Development of a model for the prediction of feed intake by dairy cows: 1. Prediction of feed intake
Zom, R.L.G. ; André, G. ; Vuuren, A.M. van - \ 2012
Livestock Science 143 (2012)1. - ISSN 1871-1413 - p. 43 - 57.
dry-matter intake - ruminal starch degradation - voluntary food-intake - 2 complete diets - milk-production - grass-silage - concentrate supplementation - nutritional-value - grazing behavior - crop maturity
A study was undertaken to develop a model for the prediction of dry matter intake by lactating Holstein Friesian dairy cows. To estimate the model parameters, a calibration dataset was compiled with the data from 32 feeding experiments conducted at 9 different sites. The database contained weekly information on 1507 lactating Holstein Friesian dairy cows regarding their diet composition and feed analysis, together with their individual voluntary feed intake, milk yield (MY), milk composition, parity, days in lactation and days pregnant. Dry matter intake was predicted from feed and animal characteristics. The feed chemical composition and digestibility can be related to feed degradation, bulk volume, intake rate, palatability and other factors influencing feed intake. Therefore, the data of standard feed analysis were used to estimate the satiety value of numerous commonly used feeds and forages. The satiety value is the measure of the extent to which a feed limits intake. The cows' ability to process the intake-limiting satiety value-units is expressed as the feed intake capacity, which is predicted from parity, days in milk and days of pregnancy which are indicators of the size and physiological state of the cow. This study shows that feed intake can be predicted using a limited number of easy-to-measure inputs that are available on commercial farms, yet reasonably biologically sound. Because the model inputs are not related to animal output (milk yield or body weight), future extension of the intake model with models for the prediction of animal performance is possible.
Effect of automatic feeding of total mixed rations on the diurnal visiting pattern of dairy cows to an automatic milking system
Belle, Z. ; Andre, G. ; Pompe, J.C.A.M. - \ 2012
Biosystems Engineering 111 (2012)1. - ISSN 1537-5110 - p. 33 - 39.
frequency - behavior
Automatic feeding systems (AFSs) enable more frequent delivery of feedstuffs compared to conventional feeding systems (CFSs). The objective was to estimate the effect of the feeding system (CFS versus AFS) and of the associated feeding and milking related actions on the visiting patterns to automatic milking systems (AMSs). The AMS log files of 20 Dutch dairy farms that fed total mixed rations (TMR) and milked automatically for the year 2009 were analysed: 9 farms used a CFS, 11 farms fed with an AFS. The effects of the feeding system on the mean daily AMS visits were determined using an F-test and on the hourly AMS visits using a restricted maximum likelihood (REML) analysis. To assess the effect of feeding and milking related actions on the AMS visiting patterns the patterns were decomposed into Fourier harmonics, the effects of the actions were analysed with transfer functions and lagged variables and parameters were estimated with REML. No statistical differences were found for the mean daily AMS visits between the CFS (2.567 milkings day-1, 2.056 refusals day-1 and 0.105 failures day-1) and AFS farms (2.614 milkings day-1, 2.483 refusals day-1 and 0.118 failures day-1). The cows at the AFS farms were milked significantly earlier (at 7:00 and 8:00 AM) than at the CFS farms. Feed delivery reduced the milkings cow-1 h-1 slightly and almost significantly in the hour of feed delivery, while AMS cleanings and fetching of cows had a more significant effect on the hourly cow visits to the AMS.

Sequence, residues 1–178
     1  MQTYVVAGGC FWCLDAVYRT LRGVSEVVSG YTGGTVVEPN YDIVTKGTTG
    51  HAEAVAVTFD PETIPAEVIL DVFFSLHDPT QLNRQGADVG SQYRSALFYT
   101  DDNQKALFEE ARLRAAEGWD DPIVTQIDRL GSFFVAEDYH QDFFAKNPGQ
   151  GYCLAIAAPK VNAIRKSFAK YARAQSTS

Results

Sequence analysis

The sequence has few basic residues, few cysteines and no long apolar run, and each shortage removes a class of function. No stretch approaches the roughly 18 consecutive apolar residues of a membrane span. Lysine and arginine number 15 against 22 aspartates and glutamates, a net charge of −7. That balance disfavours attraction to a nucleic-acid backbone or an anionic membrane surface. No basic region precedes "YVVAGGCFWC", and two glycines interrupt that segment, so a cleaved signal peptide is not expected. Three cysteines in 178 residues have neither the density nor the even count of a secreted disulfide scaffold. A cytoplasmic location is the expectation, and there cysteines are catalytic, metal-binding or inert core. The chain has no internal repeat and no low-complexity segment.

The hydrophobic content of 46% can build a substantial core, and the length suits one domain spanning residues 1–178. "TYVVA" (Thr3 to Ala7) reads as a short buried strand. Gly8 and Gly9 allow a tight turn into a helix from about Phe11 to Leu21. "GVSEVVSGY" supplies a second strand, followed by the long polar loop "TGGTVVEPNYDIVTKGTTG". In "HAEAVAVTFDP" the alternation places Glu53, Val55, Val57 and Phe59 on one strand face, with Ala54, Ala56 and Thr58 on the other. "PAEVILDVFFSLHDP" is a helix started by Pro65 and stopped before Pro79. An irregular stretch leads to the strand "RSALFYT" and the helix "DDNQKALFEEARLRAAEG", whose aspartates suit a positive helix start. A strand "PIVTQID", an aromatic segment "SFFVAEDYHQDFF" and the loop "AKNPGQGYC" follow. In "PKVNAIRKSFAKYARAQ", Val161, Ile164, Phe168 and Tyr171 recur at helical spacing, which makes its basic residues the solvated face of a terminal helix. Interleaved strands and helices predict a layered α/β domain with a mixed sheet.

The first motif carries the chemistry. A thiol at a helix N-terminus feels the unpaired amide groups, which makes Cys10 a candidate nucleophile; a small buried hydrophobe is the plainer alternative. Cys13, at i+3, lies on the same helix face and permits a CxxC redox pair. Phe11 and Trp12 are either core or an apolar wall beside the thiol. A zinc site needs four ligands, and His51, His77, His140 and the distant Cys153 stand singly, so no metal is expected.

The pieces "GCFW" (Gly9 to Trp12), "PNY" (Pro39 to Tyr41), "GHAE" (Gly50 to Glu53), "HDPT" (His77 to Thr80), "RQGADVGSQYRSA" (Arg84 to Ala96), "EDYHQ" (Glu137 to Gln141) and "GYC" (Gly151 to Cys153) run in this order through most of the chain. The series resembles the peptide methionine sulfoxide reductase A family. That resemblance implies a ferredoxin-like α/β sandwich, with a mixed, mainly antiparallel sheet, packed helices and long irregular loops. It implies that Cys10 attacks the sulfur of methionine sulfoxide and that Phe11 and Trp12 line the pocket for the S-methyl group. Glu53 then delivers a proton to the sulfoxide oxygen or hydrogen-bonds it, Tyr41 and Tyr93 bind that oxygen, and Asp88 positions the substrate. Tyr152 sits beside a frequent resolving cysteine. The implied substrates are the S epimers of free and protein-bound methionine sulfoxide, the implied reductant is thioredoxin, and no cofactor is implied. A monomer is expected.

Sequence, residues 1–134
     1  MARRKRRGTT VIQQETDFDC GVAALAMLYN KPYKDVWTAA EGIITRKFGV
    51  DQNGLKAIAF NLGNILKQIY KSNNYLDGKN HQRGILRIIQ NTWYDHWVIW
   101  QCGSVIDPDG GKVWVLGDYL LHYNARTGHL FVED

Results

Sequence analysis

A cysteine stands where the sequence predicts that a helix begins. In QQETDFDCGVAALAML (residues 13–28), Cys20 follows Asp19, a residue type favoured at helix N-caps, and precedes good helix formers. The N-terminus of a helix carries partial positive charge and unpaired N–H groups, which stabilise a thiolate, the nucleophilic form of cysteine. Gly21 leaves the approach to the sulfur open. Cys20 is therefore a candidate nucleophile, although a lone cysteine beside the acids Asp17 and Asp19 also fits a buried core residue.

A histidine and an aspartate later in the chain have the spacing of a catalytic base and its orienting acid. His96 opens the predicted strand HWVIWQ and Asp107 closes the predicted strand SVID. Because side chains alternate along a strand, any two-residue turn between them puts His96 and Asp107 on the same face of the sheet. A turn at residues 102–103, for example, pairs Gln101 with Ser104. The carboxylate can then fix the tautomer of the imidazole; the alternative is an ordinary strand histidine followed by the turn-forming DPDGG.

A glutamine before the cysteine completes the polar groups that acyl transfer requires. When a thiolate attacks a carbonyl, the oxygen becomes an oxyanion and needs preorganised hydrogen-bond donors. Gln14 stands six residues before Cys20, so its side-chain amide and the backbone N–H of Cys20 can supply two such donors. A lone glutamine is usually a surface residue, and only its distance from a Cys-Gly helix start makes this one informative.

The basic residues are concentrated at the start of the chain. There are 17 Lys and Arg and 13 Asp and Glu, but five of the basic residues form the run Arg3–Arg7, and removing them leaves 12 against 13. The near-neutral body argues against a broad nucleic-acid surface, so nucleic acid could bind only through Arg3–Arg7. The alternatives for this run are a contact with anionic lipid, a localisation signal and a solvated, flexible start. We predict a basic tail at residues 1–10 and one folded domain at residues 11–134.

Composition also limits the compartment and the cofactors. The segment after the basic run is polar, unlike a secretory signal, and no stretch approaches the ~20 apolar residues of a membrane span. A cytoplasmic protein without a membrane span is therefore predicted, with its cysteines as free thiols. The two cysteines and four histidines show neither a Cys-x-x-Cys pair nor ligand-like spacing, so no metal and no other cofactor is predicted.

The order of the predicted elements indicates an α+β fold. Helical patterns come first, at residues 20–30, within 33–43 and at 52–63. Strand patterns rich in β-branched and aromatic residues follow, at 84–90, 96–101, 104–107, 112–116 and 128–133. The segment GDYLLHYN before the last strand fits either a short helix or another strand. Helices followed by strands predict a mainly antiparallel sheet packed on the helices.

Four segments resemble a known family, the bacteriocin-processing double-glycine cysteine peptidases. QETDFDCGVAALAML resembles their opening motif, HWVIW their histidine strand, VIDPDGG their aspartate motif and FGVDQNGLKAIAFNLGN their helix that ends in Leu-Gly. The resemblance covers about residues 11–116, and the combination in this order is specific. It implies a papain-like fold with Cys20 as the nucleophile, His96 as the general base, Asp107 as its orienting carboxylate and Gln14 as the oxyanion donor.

Fluorescence and Atomic Force Microscopy Imaging of Wall Teichoic Acids in Lactobacillus plantarum
Andre, G. ; Deghorain, M. ; Bron, P.A. ; Swam, I.I. van; Kleerebezem, M. ; Hols, P. ; Dufrene, Y.F. - \ 2011
Acs Chemical Biology 6 (2011)4. - ISSN 1554-8929 - p. 366 - 376.
gram-positive bacteria - staphylococcus-aureus - cell-wall - lipoteichoic acid - bacillus-subtilis - growth - localization - peptidoglycan - biosynthesis - spectroscopy